An Ideal Match: Uniting Recruitment and Marketing
Looking for the best way to elevate your recruitment and overall talent management strategy?
Consider uniting recruiting with marketing.
Your marketing department should never operate independently of the team you have in charge of recruitment and talent management because the two are inherently intertwined. This is an idea more large companies are recognizing when it comes to their own strategies for sourcing the best talent.
If you’re not seeing the logical connection between marketing and recruiting, consider this:
- Marketing is focused on understanding the trends and movements within the market and it’s also all about honing in on concepts of supply and demand. These are pivotal elements to recruiting as well. For example, is it an employees’ market if they have a particular skill? If so, how is the demand impacted by the supply? What are other employers doing in terms of recruiting talent and what are employees looking for in a company and a position. All of these are factors that can be uncovered through market research
- Consider employer branding, a topic we’ve covered quite a bit. Building a brand in the external sense is the responsibility of most marketing teams, so it makes logical sense they would be the best resource in order to build a brand for potential employees as well. Many of the same tactics and tools used to attract a loyal client base can also be used to elevate your employer brand.
- Segmenting audiences and developing communication materials and strategies are a primary function of a marketing team in an external sense. Strong communication and an understanding of the audience also play an important role in the recruitment process, so consider involving marketing in this aspect.
With all of the above in mind, we put together a list of ways you can tie together your company’s marketing strategies with your recruitment strategies:
- Know who you’re targeting. Just as you need to know and segment your audience to market your goods or services to customers, you need to do the same when marketing to potential employees. Know the skills you’re seeking and the type of employee you’re after before you ever start the actual recruitment process so you can tailor and streamline your efforts for maximum effectiveness.
- Treat your candidates just like you would treat your clients. As we’ve discussed in previous posts, how you treat your employee candidates is going to reflect on your entire organization and significantly impact your employer brand. When you treat candidates well, regardless of whether or not they get the job, you elevate your employer brand.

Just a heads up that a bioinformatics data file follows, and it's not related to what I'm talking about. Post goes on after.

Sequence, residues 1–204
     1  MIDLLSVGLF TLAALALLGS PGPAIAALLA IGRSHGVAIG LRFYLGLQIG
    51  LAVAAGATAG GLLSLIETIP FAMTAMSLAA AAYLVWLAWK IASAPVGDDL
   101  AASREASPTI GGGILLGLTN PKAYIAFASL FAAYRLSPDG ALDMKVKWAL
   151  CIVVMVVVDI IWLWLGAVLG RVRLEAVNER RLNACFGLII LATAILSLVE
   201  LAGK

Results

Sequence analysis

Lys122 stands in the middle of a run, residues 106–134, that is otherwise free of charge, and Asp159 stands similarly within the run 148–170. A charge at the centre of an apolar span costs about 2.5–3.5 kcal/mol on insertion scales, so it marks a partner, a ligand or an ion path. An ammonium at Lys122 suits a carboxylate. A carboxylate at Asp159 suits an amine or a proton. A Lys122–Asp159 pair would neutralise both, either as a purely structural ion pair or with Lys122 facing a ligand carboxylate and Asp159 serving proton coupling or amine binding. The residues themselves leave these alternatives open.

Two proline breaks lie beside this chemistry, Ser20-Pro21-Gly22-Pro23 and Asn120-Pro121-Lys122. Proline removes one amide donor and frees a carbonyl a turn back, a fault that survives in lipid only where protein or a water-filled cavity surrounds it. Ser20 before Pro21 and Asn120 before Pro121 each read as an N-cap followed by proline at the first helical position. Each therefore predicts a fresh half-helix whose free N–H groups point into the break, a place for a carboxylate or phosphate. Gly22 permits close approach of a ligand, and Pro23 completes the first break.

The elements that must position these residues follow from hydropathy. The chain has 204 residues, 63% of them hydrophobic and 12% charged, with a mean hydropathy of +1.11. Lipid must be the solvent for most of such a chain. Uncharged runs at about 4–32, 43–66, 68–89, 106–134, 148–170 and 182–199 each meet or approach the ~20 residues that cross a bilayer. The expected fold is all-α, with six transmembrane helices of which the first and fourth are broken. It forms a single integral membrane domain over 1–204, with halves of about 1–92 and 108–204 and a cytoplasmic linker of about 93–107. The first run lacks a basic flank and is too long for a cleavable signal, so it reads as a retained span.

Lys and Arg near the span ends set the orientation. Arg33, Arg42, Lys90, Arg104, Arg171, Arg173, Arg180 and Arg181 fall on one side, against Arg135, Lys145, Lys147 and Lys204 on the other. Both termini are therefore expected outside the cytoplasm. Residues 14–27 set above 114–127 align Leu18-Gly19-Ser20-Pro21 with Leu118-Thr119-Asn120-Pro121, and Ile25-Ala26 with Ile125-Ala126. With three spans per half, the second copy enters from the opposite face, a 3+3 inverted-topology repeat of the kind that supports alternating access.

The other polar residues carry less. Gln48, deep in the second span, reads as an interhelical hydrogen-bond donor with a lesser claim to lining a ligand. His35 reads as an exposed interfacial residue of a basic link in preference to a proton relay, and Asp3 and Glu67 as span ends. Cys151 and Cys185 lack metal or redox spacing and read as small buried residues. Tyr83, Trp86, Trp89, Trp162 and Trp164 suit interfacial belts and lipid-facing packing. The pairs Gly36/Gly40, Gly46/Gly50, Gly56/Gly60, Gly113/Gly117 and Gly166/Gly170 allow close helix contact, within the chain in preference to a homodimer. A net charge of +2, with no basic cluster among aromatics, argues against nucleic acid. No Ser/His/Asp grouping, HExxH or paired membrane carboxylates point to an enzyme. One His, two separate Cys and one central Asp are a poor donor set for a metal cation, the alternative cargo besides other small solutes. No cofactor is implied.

- Use diverse channels and delivery methods to reach potential candidates. When your company has a particular message to disseminate to the public, such as the introduction of a new product, they’re not likely to stick with just one channel to advertise, right? The same should hold true of your recruitment-based marketing. Go through multiple communication avenues to get recruitment messages out there and tailor your message depending on the channel you’re utilizing.
- Conduct research. Every marketing department or professional knows there’s no value in continuing to use tactics that aren’t working and the same should apply to your recruiting strategy. Don’t keep using the same tired methods and hoping for a different result. Collect data on what’s working and what’s not working and use this data to keep making changes and updates to how you recruit.
- Be clear in your message. This is one of the primary things to remember when it comes to bringing together marketing and recruiting. You can’t effectively market a product, or your company in general, if you’re unclear on your own message. The same standard applies to the talent search. Start by having a defined understanding of your company’s goals and objectives and then move on to an understanding of what you’re seeking in a candidate before you begin marketing your company or a position.
Marketing and recruitment have a natural link to one another. By either moving or expanding recruitment to the marketing department, you have the potential to build a robust employer brand and tap into new sources of talent.
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